What you need to know
- Happy 30th birthday Photoshop!
- The Mac and iPad apps have received new features.
- Starting with dark mode on Mac!
Adobe has released updates for both the Mac and iPad versions of Photoshop as it celebrates the app's 30th birthday. That means I was seven when Photoshop first arrived and some of you probably weren't even born!
Of the new additions, one of the biggest is the arrival of support for dark mode on macOS Mojave and later. This builds on previous support by adding new dark versions of menus and whatnot.
The Mac app has also received some improvements to content-aware fill, allowing users to apply multiple fills right from their workspace.
Information on performance improvements, changes to Lens Blur that move calculations to the GPU and away from the CPU, and more can be found on Adobe's blog (opens in new tab).
Moving to iPad, we have the Object Selection tool that takes advantage of machine learning – of course it does – to better make selections while improving accuracy.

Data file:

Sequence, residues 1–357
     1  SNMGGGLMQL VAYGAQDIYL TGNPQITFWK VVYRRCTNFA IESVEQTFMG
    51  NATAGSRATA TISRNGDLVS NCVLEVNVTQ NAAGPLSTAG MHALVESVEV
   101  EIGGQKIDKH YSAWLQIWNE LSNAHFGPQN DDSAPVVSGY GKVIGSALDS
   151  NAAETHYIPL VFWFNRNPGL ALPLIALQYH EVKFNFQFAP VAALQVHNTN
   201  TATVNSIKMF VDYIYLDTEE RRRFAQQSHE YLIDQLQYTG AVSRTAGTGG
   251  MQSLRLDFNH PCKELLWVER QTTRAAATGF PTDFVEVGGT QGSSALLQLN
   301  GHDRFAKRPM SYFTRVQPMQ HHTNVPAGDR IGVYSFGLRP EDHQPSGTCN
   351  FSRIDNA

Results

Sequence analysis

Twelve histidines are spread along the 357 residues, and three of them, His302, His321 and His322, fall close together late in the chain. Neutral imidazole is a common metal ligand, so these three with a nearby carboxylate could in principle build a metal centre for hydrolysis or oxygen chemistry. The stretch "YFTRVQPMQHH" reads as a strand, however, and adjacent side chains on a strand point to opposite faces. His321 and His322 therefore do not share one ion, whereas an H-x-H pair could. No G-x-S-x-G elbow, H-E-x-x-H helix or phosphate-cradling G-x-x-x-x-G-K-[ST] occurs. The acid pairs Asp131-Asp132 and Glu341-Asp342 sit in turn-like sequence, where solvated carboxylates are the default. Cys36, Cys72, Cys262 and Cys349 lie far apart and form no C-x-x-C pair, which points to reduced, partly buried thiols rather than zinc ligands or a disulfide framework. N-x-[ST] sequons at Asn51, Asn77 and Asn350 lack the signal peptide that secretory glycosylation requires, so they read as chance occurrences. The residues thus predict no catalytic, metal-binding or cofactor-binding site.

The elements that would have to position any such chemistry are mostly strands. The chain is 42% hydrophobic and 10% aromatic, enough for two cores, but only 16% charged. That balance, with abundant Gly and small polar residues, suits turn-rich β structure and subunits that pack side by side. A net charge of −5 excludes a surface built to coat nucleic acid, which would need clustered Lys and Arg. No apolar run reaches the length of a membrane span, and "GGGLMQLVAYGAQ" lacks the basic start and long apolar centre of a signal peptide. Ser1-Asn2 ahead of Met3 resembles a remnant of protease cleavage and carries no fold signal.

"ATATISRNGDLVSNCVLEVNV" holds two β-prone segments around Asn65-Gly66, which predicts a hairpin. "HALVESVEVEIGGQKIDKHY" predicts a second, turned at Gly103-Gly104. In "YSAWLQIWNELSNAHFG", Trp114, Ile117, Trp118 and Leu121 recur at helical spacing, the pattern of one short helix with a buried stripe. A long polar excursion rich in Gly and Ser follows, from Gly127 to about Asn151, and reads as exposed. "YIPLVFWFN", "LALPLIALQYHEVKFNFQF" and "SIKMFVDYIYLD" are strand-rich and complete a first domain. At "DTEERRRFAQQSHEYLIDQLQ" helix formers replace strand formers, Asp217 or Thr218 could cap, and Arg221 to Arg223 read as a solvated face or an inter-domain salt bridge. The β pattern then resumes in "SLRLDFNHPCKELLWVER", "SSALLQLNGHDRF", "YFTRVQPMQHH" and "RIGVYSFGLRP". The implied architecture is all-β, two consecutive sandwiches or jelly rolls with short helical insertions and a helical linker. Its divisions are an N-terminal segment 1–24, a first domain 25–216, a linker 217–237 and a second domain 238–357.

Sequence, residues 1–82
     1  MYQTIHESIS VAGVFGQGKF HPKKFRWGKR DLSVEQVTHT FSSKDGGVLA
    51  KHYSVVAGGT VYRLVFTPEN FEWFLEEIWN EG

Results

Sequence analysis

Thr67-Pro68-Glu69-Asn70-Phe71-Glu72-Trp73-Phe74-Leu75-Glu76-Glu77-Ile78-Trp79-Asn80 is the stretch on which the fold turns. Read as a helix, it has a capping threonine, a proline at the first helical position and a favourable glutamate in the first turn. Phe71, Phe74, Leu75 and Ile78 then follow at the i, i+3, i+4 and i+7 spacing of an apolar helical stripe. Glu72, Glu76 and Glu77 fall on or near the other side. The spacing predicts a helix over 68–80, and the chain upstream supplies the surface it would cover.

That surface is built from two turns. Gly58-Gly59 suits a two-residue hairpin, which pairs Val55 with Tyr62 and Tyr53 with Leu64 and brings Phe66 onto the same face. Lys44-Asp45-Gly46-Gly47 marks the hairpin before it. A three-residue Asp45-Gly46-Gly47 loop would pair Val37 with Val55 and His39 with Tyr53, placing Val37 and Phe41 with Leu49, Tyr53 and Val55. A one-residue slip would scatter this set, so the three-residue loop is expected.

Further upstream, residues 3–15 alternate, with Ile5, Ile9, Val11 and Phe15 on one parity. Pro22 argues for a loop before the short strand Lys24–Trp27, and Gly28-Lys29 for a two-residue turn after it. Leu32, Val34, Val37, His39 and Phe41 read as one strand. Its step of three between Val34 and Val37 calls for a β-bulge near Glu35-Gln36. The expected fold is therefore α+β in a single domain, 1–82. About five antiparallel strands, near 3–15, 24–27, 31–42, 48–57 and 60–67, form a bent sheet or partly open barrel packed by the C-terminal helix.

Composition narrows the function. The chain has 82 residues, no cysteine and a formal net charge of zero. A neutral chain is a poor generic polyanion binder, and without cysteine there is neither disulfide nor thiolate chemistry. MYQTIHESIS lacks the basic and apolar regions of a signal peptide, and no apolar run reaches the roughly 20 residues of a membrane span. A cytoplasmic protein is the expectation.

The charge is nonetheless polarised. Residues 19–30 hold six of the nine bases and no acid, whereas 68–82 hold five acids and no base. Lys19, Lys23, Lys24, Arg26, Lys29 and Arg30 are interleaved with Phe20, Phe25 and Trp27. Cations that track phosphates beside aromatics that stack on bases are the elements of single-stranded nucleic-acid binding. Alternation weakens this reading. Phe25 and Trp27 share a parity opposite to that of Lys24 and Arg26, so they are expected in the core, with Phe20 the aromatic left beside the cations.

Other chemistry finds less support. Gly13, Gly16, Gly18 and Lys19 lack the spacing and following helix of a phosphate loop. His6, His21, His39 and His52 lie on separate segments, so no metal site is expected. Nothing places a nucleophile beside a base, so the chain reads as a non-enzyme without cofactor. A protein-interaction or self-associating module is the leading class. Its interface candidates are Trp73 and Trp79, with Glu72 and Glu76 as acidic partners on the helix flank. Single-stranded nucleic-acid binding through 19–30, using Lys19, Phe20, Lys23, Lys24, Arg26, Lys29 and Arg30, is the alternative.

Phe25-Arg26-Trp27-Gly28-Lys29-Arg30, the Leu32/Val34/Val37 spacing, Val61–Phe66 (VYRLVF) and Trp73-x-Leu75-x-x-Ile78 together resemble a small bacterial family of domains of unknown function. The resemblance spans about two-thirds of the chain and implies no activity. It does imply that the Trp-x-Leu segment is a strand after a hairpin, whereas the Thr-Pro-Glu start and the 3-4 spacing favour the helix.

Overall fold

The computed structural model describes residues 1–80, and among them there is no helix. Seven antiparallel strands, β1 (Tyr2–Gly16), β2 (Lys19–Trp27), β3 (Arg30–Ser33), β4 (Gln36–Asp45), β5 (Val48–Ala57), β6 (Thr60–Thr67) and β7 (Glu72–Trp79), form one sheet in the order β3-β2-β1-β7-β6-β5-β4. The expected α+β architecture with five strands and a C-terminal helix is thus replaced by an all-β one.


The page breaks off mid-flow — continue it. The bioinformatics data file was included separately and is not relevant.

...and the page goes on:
Again, more information about the new additions to Photoshop for iPad can be taken in over on Adobe's blog. Complete with tons of screenshots, too.
Oliver Haslam has written about Apple and the wider technology business for more than a decade with bylines on How-To Geek, PC Mag, iDownloadBlog, and many more. He has also been published in print for Macworld, including cover stories. At iMore, Oliver is involved in daily news coverage and, not being short of opinions, has been known to 'explain' those thoughts in more detail, too.
Having grown up using PCs and spending far too much money on graphics card and flashy RAM, Oliver switched to the Mac with a G5 iMac and hasn't looked back. Since then he's seen the growth of the smartphone world, backed by iPhone, and new product categories come and go. Current expertise includes iOS, macOS, streaming services, and pretty much anything that has a battery or plugs into a wall. Oliver also covers mobile gaming for iMore, with Apple Arcade a particular focus. He's been gaming since the Atari 2600 days and still struggles to comprehend the fact he can play console quality titles on his pocket computer.
It's a shame, I'd still use Photoshop if it wasn't for the subscription pricing. With both Affinity Photo and Pixelmator Pro being single-purchase, I just don't see the point unless there's a specific Photoshop-exclusive feature that you need
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